A. After installing Exchange 2000, you'll notice a new drive letter on your system, the M drive (or if M is already in use, the system uses the next available drive letter). This drive interface provides a simple way to use Exchange as a powerful file repository for any application and allows full access to user mailboxes and public folders. Below is a directory listing for my M drive:
M:\>dir Volume in drive M is Exchange Volume Serial Number is 00A9-8AC7 Directory of M:\ 30/01/2001 10:16 <DIR> SAVILLTECH.COM 0 File(s) 0 bytes 1 Dir(s) 3,333,074,944 bytes free M:\>cd savilltech.com M:\savilltech.com>dir Volume in drive M is Exchange Volume Serial Number is 00A9-8AC7 Directory of M:\savilltech.com 30/01/2001 10:16 <DIR> . 30/01/2001 10:16 <DIR> .. 30/01/2001 10:16 <DIR> MBX 30/01/2001 10:16 <DIR> PRIVATE FOLDERS 30/01/2001 10:16 <DIR> PUBLIC FOLDERS 0 File(s) 0 bytes
Notice the first level of the M drive is the default recipient policy domain name, savilltech.com. If you modify the SMTP address generation rule of the default policy SMTP, the system updates the domain name that ExIFS presents.
Under the first level of the M drive, we see the MBX folder, which holds the user mail boxes, and the PUBLIC FOLDERS folder, which provides access to public folders on the system. The system still enforces all regular ACLs when you view the Exchange information via the M drive.
You can also create shares based on folders within the M drive. However, rebooting the system loses them, so if you want them to be persistent, you need to create a batch file that automatically recreates them each time the system starts up. An alternative is to share Exchange resources via HTTP/WWW Distributed Authoring and Versioning (WebDAV) and use Web Folders to access the information, as described in How do I create a Web folder?.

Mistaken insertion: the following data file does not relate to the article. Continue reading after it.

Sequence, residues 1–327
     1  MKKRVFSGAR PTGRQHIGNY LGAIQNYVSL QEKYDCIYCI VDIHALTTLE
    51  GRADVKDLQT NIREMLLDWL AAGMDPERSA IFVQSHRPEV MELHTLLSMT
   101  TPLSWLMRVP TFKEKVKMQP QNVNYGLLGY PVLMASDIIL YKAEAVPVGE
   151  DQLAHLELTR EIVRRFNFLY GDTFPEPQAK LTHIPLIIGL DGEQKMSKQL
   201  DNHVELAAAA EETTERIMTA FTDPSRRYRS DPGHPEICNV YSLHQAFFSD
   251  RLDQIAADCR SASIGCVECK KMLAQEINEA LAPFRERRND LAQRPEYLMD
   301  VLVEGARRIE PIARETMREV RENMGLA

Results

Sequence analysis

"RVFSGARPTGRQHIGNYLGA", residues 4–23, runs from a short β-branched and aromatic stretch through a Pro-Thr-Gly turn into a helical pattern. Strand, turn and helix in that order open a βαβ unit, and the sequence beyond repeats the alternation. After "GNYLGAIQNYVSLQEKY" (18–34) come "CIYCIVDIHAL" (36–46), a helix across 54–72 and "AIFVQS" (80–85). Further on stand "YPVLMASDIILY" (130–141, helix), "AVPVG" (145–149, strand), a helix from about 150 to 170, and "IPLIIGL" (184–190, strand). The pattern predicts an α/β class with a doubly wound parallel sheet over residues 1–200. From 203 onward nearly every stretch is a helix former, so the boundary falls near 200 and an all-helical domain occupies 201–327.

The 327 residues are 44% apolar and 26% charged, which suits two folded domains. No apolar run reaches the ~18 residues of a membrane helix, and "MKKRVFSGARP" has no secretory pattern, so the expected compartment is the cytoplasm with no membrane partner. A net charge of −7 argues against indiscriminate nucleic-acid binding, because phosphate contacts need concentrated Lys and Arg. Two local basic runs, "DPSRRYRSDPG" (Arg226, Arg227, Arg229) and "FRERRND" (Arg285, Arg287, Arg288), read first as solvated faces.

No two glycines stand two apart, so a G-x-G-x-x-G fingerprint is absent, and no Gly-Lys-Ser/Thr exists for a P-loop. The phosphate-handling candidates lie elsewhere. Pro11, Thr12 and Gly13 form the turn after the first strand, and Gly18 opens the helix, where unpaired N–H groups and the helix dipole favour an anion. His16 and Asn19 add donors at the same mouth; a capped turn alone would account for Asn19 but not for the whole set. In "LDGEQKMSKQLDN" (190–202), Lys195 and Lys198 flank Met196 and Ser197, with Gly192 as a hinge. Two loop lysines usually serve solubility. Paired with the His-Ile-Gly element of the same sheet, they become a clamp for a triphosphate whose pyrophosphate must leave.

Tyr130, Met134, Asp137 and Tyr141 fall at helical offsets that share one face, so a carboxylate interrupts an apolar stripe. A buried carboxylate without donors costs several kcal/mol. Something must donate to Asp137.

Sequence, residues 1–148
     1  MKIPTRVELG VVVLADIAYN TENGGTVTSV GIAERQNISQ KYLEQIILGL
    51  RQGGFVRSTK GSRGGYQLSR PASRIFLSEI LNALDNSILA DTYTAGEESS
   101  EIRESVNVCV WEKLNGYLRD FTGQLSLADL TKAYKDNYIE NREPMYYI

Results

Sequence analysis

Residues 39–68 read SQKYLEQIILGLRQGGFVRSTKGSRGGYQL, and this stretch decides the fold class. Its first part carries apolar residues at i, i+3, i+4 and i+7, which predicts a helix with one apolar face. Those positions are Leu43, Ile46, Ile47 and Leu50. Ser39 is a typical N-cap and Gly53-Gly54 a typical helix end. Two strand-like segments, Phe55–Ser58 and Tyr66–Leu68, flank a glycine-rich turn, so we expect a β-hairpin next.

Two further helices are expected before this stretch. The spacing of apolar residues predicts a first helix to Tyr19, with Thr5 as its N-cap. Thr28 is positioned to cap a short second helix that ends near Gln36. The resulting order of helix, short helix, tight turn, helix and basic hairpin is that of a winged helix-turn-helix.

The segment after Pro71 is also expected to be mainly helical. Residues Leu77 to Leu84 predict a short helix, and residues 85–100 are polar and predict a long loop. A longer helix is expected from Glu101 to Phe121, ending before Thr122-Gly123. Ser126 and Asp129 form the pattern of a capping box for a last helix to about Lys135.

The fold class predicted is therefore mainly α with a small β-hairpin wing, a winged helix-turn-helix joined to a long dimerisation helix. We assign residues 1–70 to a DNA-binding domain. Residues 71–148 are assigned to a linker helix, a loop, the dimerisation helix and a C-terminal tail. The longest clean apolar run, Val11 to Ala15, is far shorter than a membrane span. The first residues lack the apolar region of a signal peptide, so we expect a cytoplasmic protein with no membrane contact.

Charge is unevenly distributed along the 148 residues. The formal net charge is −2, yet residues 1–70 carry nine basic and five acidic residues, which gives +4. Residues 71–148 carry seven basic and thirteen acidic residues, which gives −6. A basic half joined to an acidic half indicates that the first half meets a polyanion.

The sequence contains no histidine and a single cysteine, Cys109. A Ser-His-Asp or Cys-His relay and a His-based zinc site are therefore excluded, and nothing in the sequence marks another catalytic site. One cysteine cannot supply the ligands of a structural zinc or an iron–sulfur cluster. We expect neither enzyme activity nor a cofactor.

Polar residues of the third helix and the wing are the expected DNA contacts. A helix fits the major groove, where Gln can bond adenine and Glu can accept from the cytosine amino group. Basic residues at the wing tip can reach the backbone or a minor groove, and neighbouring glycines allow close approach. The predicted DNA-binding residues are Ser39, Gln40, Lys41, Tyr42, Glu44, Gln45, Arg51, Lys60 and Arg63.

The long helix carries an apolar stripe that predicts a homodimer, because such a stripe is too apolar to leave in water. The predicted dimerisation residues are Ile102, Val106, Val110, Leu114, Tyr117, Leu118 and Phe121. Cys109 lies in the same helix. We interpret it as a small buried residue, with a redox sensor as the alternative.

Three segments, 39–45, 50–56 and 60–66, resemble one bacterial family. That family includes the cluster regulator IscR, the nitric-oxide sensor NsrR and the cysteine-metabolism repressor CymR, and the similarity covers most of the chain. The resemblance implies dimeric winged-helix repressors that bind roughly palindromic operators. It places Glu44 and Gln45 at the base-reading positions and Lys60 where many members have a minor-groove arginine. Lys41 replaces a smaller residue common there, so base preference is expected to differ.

ExIFS relies on the WSS, which consolidates the file system, database, and collaboration services into one server system. You can access the WSS via several interfaces, including Messaging API (MAPI) clients, HTTP, XML, WebDAV, OLE DB, ActiveX Data Objects (ADO), and standard Win32 API calls. These interfaces let the ExIFS offer M drive-based resource access.
The WSS provides one repository for managing multiple types of unstructured information within one infrastructure and lets you store all types of file formats. Every item in the WSS is URL-addressable and fully supports semistructured data, such as documents, contacts, messages, reports, HTML files, and Active Server Pages (ASP) pages. For example, to access my calendar via the Web I can use
Using the ExIFS, I would use the following statement:
The available features are practically limitless, and you can easily create Web-based forms to interact with the WSS to enable easy updates and retrieval of information. For more information, visit the Microsoft Developer Network (MSDN) Web site.